The Special Supplemental Nutrition Program for Women, Infants, and Children (WIC) is the major purchaser of infant formula in the United States. To reduce cost to the WIC program, each State awards a sole-source contract to a formula manufacturer to provide its product to WIC participants in the State. As part of the contract, the WIC State agency receives rebates from the manufacturers. In this study, we use 2004-09 Nielsen scanner-based retail sales data from over 7,000 stores in 30 States to examine the effect of winning a WIC sole-source contract on infant formula manufacturers' market share in supermarkets. We find that the manufacturer holding the WIC contract brand accounted for the vast majority-84 percent-of all formula sold by the top three manufacturers. The impact of a switch in the manufacturer that holds the WIC contract was considerable. The market share of the manufacturer of the new WIC contract brand increased by an average 74 percentage points after winning the contract. Most of this increase was a direct effect of WIC recipients switching to the new WIC contract brand. However, manufacturers also realized a spillover effect from winning the WIC contract whereby sales of formula purchased outside of the program also increased.

  • Where Schools Are Located Affects Meal Costs

    Amber Waves, June 16, 2011

    An ERS analysis of school meal costs from a large, nationally representative sample reveals that the location of a school can affect its meal costs. Urban locations, for example, had lower per meal costs than rural and suburban locations.

  • Food Security of SNAP Recipients Improved Following the 2009 Stimulus Package

    Amber Waves, June 13, 2011

    Food spending by low-income households increased and their food security improved as a result of the increase in SNAP benefit levels authorized by the American Recovery and Reinvestment Act of 2009.

  • The WIC Fruit and Vegetable Cash Voucher: Does Regional Price Variation Affect Buying Power?

    EIB-75, May 04, 2011

    The Special Supplemental Nutrition Program for Women, Infants, and Children (WIC) provides supplemental foods to low-income women, infants, and children at nutritional risk. Since October 2009, WIC packages have included a fixed-value voucher for purchasing fruits and vegetables. Although this should help increase fruit and vegetable consumption for all WIC participants, regional price variation could lead to different buying power-and nutritional benefits-across the country. Using 2004-06 Nielsen Homescan data, the authors examine the prices of fruits and vegetables (fresh, frozen, and canned) in 26 metropolitan market areas to determine how price variations affect the voucher's purchasing power. The authors find that the 20 most commonly purchased fruits and vegetables cost 30-70 percent more in the highest priced market areas than in the lowest, implying that WIC participants in more expensive areas might be able to purchase fewer fruits and vegetables than those living where these items are cheaper. The lowest priced market for fruits and vegetables was the Nashville, Birmingham, Memphis, and Louisville area, while the highest was San Francisco.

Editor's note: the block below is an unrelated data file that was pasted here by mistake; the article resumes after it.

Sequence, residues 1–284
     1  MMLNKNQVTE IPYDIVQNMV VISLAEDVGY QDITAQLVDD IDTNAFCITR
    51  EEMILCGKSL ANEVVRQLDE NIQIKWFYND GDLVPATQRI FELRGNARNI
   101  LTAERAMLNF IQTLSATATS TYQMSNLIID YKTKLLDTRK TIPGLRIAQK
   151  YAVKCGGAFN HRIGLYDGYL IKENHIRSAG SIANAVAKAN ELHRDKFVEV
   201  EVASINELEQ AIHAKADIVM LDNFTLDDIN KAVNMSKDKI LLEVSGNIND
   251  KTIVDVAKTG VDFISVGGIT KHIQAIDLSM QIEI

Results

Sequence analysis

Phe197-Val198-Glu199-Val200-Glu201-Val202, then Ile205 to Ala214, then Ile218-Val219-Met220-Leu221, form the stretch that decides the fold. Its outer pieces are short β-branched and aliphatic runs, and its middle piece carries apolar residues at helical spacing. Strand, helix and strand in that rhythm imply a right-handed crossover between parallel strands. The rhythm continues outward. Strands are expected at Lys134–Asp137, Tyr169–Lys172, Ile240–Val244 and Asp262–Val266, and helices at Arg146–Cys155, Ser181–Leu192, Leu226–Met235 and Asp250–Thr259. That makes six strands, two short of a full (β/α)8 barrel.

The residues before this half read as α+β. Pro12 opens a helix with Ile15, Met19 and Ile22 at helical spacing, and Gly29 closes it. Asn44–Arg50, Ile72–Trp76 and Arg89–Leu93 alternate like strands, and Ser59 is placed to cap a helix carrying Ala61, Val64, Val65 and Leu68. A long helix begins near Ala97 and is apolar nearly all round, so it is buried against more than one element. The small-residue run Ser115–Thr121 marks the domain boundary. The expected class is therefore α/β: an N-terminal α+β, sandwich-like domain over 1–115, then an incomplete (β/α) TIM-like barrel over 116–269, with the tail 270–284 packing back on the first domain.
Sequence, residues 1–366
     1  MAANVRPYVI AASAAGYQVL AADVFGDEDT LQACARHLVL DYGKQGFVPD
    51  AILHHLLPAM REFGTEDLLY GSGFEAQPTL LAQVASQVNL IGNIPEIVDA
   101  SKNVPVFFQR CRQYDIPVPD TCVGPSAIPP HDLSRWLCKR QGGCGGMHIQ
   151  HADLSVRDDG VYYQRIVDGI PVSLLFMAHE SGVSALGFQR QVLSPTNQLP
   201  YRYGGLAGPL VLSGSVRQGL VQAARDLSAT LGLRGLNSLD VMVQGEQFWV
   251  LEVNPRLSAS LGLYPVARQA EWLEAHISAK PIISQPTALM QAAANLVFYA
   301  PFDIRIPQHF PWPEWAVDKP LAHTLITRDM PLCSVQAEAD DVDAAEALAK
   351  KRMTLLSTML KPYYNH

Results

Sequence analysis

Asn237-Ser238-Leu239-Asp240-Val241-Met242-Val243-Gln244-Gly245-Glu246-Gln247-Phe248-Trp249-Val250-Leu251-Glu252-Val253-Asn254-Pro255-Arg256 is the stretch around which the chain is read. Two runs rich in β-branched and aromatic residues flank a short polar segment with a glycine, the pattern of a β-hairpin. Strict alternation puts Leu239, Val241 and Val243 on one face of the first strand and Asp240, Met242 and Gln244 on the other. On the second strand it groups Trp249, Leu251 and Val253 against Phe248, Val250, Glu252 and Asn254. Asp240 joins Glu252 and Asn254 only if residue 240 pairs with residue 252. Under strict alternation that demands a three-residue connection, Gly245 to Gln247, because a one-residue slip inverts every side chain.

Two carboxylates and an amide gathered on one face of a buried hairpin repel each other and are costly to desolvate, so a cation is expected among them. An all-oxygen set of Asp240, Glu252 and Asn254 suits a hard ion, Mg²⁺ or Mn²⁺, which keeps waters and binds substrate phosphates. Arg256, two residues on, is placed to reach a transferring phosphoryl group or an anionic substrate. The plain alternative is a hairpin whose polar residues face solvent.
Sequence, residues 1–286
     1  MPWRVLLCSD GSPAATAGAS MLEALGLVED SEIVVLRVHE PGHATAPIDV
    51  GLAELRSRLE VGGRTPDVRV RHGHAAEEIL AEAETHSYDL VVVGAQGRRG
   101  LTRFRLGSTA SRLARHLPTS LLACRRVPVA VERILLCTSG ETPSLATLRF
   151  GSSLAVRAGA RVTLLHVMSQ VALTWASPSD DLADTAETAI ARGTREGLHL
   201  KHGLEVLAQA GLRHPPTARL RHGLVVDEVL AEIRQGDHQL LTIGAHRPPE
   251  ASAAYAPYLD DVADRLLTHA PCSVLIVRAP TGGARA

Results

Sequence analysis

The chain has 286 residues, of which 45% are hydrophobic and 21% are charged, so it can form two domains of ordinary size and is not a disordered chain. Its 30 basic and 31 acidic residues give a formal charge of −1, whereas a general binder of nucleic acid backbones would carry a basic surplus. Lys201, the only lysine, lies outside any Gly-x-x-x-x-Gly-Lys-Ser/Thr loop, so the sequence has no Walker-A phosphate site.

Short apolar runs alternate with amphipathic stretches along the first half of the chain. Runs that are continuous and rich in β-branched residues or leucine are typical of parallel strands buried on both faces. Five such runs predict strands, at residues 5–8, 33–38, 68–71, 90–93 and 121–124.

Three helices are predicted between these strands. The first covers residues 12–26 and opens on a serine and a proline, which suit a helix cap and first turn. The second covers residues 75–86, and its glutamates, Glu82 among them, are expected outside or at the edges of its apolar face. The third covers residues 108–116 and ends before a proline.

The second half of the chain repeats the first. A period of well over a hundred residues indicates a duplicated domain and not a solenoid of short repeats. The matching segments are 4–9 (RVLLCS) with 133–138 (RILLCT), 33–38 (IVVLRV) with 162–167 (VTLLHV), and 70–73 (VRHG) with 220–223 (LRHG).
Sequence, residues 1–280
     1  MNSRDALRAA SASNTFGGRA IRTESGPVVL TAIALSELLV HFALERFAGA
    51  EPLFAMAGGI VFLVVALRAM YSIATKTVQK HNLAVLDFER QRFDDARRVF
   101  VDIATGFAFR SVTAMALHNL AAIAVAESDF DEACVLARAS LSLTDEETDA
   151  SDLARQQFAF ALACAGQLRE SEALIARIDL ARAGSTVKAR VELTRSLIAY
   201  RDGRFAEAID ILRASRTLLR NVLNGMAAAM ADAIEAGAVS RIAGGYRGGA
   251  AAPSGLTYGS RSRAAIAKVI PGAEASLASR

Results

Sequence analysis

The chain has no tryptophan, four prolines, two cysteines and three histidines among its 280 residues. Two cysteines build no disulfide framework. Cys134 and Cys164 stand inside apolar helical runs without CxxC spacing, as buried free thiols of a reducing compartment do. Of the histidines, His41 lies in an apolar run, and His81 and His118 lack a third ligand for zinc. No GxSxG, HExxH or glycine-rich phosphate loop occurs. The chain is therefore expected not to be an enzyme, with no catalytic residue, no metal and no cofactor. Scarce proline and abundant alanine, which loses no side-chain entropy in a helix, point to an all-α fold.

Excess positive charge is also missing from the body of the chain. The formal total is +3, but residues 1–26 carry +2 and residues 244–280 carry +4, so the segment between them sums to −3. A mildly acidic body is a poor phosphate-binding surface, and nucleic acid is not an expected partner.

• School Foodservice Costs: Location Matters

    ERR-117, May 03, 2011

    Over 42 million meals-31.2 million lunches and 11 million breakfasts-were served on a typical school day in fiscal year 2009 to children through USDA's National School Lunch and School Breakfast Programs. School food authorities (SFAs) operate local school feeding programs and deliver the meals to the schools. SFAs must serve appealing, healthful meals while covering food, labor, and other operating costs, a challenge that may be more difficult for some SFAs than for others due to differences in costs per meal across locations. Analysis of data on school costs per meal from a large, nationally representative sample reveals that geographic variation is important. In the 2002-03 school year, SFAs in the Southwestern United States had, on average, consistently lower foodservice costs per meal than did SFAs in other regions. Urban locations had lower costs per meal than did their rural and suburban counterparts. Wage and benefit rates, food expenditures per meal, and SFA characteristics such as the mix of breakfasts and lunches served each contributed to the differences in foodservice costs per meal across locations. The importance of these factors varied by location.

  • Food Security Improved Following the 2009 ARRA Increase in SNAP Benefits